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Raúl Ricardo Alfonsín Foulkes - 1983-1989

On October 30, 1983, Argentines went to the polls to choose a president, vice president, and national, provincial, and local officials in elections international observers found to be fair, open, and honest. The country returned to constitutional rule after Raul Alfonsin, candidate of the Radial Civic Union (UCR), received 52% of the popular vote for president. He began a six-year term of office on December 10, 1983.

Raül Alfonsin, who was born in a small city in the province of Buenos Aires in 1926, had joined the UCR at age 17 and had been elected to the Chamber of Deputies in 1953 and again in 1963. After 1970 Ricardo Balbin, who headed the party's powerful machine in Buenos Aires, became the leader of the UCR, and Alfonsin established a rival "Renovation and Change" faction. BalbIn's death in 1982 left the door suddenly open to the still relatively unknown Alfonsin, who sought a younger and more dynamic image for the Radicals.

His victory in 1983 was more a rejection of the Peronists than a popular embrace of Alfonsin and the UCR. Alfonsin won 52 percent of the popular vote versus 40 percent for the Peronist candidate, Italo Luder. The UCR also won an absolute majority of the seats in the Chamber of Deputies, giving Alfonsin a clear mandate to pursue his own policy agenda. This agenda had been given only vague, left-of-center definition during the campaign: the power of the armed forces was to be limited, and they were to be held accountable for past excesses; the economy was to be reactivated with a primary role envisioned for the state; and a nonaligned foreign policy was to emphasize the need to recover the Falkland/Malvinas Islands through peaceful means.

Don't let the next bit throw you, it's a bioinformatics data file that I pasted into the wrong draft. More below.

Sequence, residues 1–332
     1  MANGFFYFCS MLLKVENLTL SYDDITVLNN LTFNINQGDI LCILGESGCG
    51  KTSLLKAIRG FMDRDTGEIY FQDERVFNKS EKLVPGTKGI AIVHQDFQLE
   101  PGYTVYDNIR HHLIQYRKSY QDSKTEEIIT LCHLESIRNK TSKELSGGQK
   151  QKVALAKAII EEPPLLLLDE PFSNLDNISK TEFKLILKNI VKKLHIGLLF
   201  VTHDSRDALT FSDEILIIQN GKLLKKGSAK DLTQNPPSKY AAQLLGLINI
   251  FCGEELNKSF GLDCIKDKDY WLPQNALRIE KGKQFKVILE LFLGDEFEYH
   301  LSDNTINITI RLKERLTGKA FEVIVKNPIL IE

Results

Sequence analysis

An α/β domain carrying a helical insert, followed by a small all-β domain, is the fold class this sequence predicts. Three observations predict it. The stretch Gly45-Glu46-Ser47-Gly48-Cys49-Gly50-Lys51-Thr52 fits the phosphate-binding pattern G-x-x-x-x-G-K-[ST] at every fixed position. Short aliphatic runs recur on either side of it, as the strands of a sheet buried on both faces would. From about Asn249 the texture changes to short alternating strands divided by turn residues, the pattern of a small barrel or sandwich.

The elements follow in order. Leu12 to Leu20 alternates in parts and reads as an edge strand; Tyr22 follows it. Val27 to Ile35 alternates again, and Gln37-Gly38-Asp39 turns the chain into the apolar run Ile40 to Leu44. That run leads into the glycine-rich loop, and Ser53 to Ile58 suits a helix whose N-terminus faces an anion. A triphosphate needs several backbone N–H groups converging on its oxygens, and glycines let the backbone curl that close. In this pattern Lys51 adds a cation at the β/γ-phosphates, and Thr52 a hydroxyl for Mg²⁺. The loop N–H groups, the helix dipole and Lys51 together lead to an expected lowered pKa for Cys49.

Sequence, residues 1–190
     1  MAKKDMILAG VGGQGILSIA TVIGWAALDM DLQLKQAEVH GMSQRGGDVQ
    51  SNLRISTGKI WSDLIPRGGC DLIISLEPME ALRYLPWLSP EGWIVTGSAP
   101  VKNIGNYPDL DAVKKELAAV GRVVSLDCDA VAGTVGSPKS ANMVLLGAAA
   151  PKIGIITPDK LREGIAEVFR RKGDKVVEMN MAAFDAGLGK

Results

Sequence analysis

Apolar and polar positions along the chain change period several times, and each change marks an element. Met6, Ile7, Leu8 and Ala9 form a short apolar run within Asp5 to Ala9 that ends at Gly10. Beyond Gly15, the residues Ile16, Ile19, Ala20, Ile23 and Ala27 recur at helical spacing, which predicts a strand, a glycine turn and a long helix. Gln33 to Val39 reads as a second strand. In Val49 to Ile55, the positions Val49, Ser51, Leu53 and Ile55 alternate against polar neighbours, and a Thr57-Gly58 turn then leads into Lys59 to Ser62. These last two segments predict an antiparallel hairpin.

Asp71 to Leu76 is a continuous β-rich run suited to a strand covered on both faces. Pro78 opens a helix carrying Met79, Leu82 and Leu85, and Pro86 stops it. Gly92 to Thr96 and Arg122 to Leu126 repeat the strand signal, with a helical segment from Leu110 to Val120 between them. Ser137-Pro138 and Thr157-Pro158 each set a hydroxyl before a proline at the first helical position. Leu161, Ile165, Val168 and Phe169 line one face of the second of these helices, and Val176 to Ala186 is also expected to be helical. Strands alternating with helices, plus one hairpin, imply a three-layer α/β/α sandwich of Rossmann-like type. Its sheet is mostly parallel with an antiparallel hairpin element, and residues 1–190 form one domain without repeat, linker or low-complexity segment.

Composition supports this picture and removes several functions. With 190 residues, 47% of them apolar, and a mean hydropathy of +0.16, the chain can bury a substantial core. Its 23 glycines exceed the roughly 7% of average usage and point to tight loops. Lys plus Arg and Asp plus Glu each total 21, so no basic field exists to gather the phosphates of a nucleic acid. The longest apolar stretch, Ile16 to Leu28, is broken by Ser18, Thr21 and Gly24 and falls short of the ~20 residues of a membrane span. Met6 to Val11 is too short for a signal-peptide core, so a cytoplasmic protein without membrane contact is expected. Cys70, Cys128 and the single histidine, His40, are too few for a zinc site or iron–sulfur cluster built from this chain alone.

The election and inauguration of Raül Alfonsin in 1983 marked the end of Argentina's most recent plunge into military rule. The return of democratic rule did not end the conflict within the Argentine polity, but, very importantly, it did mark the reining in of conflict to within legal boundaries.

Alfonsin's most immediate task, for the sake of his political survival, dealt with the armed forces. Three days after his December 10 inauguration, Alfonsin named new commanders for the three armed services and, by reaching down the ranks for personnel whose loyalty he felt assured of, forced the retirement of 40 senior generals and admirals. Drastic cuts were ordered in the military budget, which had been greatly inflated during seven years of military rule, and trials were ordered for nine former junta members for their roles in the dirty war. After the armed forces' own top tribunal found them innocent of any wrongdoing, they were ordered to be tried by a civilian federal appeals court.

The months preceding the April 1985 opening of the trial, dubbed "Argentina's Nuremberg" by the press, were filled with tension. Terrorist bombings, death threats against a number of the 1,000-plus witnesses, and frequent reports of planned coups d'etat by officers both angered by Alfonsin's budget cuts and unrepentent with respect to the dirty war evoked an eerie sense of déjà vu.